Improving Agent Morale to Reduce Turnover in the Contact Center

Studies show that agent turnover contributes heavily to contact center labor costs, and that reducing agent turnover will improve your contact center’s bottom line. It’s also true that oftentimes we are guilty of killing off the drive and creativity of the new contact center employee. To reduce agent turnover, we must look at ways to preserve that drive and reward it.

Because contact centers are so metric driven, it can be easy to fall into the trap of treating agents as nothing more than a walking set of statistics. That isn’t Jennifer – it’s “Average Talk Time of 20% higher than anybody else in the group”. And he isn’t Mike—he’s  “Never Takes Enough Calls”. There’s no question it can be demoralizing.

To foster a best-in-class contact center, managers need to bring a sense of “humanness” back to the contact center, without stepping away from accountability and responsibility as core values. We all know that workers need to feel valued, and that their opinion matters to their management. It doesn’t take technology to permeate the contact center with this feeling – but it does take time to focus on it.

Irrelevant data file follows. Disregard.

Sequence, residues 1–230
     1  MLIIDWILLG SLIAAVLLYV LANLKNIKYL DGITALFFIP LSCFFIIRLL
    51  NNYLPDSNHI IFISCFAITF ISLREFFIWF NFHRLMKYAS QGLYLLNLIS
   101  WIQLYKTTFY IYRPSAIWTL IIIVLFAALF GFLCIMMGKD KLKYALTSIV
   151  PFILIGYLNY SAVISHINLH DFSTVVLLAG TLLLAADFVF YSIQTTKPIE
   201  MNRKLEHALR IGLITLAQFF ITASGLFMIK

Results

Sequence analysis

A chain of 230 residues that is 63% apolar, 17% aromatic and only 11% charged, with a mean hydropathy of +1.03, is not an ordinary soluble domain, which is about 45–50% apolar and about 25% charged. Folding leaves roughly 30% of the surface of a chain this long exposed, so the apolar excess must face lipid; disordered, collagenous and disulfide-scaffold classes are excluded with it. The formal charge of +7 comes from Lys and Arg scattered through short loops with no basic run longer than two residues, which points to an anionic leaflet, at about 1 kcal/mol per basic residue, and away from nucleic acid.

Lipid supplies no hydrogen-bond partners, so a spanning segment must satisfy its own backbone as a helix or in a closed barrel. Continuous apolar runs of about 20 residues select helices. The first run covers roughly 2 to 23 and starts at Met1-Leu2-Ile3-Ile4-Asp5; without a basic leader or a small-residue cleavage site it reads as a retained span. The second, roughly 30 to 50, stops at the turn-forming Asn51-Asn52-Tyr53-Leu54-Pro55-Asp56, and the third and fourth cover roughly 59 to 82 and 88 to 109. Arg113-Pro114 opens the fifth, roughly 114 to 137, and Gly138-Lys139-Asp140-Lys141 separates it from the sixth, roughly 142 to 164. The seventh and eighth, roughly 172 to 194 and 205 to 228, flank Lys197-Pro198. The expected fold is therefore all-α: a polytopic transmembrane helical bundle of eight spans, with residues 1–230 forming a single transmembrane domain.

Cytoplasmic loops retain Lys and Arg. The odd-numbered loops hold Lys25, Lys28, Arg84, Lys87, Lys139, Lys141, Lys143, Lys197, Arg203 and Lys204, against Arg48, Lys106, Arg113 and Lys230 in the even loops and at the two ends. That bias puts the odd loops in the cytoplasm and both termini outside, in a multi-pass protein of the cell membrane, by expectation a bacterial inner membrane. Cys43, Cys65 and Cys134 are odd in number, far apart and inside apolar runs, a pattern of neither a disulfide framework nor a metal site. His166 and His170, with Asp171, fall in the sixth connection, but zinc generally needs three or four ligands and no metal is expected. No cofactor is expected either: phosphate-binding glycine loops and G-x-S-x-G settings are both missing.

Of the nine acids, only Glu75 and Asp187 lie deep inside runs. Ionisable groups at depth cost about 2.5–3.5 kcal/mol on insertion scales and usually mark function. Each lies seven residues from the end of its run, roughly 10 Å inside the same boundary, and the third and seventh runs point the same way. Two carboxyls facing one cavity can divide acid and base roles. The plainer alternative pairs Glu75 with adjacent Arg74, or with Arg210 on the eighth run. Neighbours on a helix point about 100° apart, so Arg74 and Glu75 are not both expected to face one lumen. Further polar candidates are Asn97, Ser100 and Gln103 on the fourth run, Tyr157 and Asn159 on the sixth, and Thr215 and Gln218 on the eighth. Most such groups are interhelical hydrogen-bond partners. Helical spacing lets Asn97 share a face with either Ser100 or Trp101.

One suggestion that can improve morale is for contact center management to gather feedback from agents who work directly with customers. For instance, what processes seem to be broken and annoy customers the most? Contact center management should appropriately scrub and present the feedback to other departments to try to effect change. In a sense, they are acting as advocates for the agents to improve the situation. Let’s be frank — no one likes repeatedly getting yelled at because of a broken process they can’t change. You’d be looking for another job too if that was your daily experience.

On the other hand, if agents see their management values their input, and goes to bat for them, they feel valued. Even better, if they see the organization make changes based upon their input, it improves operations and empowers the agents. The same input process can work to gather suggestions for new products, services, or other ideas that can be proposed to the company. The feedback process can strengthen the reputation of the contact center throughout the organization, and help agents feel even better about their jobs.

Granted, it may help to also have customer survey result data to back up the impressions of the agents. Objective data backing up anecdotal evidence strengthens an overall case. But even without survey data, agents need to see their management taking their side where it is appropriate. You’ll gain more of their respect, and restore some of the “humanness” back to the contact center.

I look forward to hearing your opinions on this idea, and hearing of other ways to improve agent morale.

Rachel Wentink